iraqi army
Shi'ite fighters, who have joined the Iraqi army to fight against militants of the Islamic State, take part in field training in the desert region between Kerbala and Najaf, south of Baghdad September 25, 2014. Reuters/Alaa Al-Marjani

American military officials said on Thursday that the Iraqi army would need to undergo “months" of training before they are ready for a sustained ground offensive against the Islamic State group, according to media reports. The statements, which were reportedly made during a press briefing by the United States Central Command, or CENTCOM, came amid significant gains made by the Islamic State group in the western Iraqi province of Anbar.

“We’re trying to train them initially to be able to defend their towns and villages,” a CENTCOM official reportedly said, adding that training Iraqi army personnel to launch ground operations against ISIS would require much longer. “It's not imminent. But we don't see that that's a years-long effort to get them to a place to where they can be able to go on a sustained counter-offensive,” the official said.

On Thursday, Chuck Hagel, the U.S. Secretary of Defense, also spoke to Iraqi Defense Minister Khaled al-Obeidi and reportedly discussed ways to “train, equip and prepare” Iraqi forces for ground operations against ISIS.

The Iraqi army, which was trained by the U.S. before its pullout from the country in December 2011, has since been plagued by sectarian divisions within its ranks. According to media reports, four units of the army were killed when militants of the Islamic State group attacked Mosul in June, allowing militants to grab large swaths of territory in the region. Many more reportedly fled the advance, leaving their tanks, arms and other equipment, which later fell into the hands of ISIS.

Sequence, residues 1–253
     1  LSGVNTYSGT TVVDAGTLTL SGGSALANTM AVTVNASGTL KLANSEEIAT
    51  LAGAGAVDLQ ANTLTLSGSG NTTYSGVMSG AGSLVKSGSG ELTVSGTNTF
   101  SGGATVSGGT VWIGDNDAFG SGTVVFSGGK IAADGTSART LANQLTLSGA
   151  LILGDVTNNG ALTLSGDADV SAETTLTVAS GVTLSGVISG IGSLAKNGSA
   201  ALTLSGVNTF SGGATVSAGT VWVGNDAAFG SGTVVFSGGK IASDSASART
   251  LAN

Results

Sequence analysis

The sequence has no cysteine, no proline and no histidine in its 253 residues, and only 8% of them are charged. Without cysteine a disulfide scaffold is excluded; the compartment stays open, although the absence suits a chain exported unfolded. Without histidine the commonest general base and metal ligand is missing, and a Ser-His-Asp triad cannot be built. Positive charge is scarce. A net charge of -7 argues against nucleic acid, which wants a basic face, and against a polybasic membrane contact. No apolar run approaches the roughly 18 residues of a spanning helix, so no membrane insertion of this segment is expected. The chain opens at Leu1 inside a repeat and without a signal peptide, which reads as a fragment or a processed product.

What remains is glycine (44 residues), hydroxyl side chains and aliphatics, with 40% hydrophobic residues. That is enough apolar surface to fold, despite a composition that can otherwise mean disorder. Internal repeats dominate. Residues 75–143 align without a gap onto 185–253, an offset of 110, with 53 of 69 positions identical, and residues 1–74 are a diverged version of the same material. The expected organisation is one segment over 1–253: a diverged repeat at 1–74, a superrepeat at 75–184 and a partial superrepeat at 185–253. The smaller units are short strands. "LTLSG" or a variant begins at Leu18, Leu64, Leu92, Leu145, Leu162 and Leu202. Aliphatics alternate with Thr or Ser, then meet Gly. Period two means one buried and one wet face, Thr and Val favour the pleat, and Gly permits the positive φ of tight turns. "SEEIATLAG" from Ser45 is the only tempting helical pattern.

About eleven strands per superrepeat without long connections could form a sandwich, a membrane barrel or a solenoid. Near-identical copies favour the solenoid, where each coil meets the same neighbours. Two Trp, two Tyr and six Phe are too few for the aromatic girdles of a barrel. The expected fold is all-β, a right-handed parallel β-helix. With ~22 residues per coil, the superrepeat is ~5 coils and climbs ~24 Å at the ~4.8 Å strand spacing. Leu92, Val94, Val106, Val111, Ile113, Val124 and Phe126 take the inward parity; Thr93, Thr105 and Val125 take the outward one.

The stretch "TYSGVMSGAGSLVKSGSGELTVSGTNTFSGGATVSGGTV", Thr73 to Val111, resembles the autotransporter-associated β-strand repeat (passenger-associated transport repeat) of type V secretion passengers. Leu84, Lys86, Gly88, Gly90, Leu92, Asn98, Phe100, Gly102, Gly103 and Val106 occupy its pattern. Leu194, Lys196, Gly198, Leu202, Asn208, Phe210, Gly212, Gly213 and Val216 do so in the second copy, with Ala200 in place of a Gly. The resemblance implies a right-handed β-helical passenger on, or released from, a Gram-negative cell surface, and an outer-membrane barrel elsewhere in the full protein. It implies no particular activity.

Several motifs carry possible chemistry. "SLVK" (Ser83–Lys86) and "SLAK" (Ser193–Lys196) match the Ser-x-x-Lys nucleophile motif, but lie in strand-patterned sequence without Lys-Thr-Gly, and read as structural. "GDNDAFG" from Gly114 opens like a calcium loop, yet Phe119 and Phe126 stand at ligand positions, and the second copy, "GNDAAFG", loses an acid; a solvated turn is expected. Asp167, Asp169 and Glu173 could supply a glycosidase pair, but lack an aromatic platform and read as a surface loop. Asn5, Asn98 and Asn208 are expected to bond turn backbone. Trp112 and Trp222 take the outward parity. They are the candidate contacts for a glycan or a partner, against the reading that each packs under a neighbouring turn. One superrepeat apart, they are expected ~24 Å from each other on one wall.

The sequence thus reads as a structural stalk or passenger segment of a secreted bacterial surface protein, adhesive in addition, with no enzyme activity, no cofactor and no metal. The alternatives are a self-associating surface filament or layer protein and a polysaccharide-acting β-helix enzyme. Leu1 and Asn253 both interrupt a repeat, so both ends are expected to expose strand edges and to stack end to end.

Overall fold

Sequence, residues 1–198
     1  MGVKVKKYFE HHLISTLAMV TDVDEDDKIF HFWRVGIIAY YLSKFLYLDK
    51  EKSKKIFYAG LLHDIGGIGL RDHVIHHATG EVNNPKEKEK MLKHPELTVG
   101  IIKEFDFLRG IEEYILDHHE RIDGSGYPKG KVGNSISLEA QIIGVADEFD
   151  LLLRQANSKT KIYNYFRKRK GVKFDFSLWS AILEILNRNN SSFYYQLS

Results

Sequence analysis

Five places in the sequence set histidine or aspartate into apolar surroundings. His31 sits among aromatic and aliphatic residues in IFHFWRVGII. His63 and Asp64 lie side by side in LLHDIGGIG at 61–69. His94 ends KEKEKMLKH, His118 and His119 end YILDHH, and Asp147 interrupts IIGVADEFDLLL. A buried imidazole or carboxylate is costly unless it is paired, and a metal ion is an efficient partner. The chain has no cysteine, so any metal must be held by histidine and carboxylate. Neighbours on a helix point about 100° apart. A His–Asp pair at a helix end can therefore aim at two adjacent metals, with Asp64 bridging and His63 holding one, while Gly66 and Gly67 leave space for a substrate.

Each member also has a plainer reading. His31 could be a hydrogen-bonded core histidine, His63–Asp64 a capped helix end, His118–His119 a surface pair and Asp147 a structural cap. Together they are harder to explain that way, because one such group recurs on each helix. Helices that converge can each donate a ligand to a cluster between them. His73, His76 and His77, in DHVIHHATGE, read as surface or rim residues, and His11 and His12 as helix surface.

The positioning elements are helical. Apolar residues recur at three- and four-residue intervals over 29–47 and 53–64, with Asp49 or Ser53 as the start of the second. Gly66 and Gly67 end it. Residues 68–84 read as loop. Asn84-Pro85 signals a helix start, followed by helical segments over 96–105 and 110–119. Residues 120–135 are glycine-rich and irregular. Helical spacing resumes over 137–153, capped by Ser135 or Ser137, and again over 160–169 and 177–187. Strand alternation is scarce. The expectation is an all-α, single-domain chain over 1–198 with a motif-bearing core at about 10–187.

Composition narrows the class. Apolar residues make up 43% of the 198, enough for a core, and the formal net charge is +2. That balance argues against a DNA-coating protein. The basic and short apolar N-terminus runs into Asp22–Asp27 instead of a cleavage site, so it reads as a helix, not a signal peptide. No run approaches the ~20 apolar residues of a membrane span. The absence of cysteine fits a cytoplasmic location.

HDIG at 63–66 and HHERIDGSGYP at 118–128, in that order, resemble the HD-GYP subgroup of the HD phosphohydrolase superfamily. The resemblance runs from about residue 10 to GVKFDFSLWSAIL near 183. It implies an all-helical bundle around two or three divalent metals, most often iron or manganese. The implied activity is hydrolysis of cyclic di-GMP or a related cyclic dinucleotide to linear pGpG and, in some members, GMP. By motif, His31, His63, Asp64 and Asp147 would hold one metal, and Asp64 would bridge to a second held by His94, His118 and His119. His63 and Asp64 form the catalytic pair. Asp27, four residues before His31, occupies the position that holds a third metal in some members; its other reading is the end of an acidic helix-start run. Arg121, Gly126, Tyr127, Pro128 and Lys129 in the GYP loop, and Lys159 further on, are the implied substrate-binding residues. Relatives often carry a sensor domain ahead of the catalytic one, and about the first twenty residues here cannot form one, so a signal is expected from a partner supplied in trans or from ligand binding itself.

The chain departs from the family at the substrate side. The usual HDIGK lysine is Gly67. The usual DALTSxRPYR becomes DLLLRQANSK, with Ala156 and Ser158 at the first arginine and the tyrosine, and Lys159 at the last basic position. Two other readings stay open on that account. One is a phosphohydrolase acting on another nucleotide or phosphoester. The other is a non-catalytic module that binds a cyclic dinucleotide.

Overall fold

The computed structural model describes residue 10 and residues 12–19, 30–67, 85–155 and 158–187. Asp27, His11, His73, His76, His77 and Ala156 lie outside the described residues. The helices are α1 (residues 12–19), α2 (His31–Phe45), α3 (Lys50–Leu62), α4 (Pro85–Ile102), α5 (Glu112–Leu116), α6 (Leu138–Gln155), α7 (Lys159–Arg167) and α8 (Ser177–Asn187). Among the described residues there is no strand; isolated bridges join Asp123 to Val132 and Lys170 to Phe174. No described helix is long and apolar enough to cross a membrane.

Mosul, which is home to the country’s largest dam, was later retaken in August by Iraqi Kurdish forces assisted by U.S. airstrikes.

Meanwhile, the U.S. National Security Council said on Thursday that government officials were investigating reports of chlorine gas being used by ISIS against Iraqi security forces in September, according to media reports.

“We are aware of the reports but cannot confirm details and are seeking additional information,” Alistair Baskey, a spokesperson for the council, reportedly said. “The use of chlorine as a chemical weapon is an abhorrent act. These recent allegations underscore the importance of our work to eliminate chemical weapons in this volatile region.”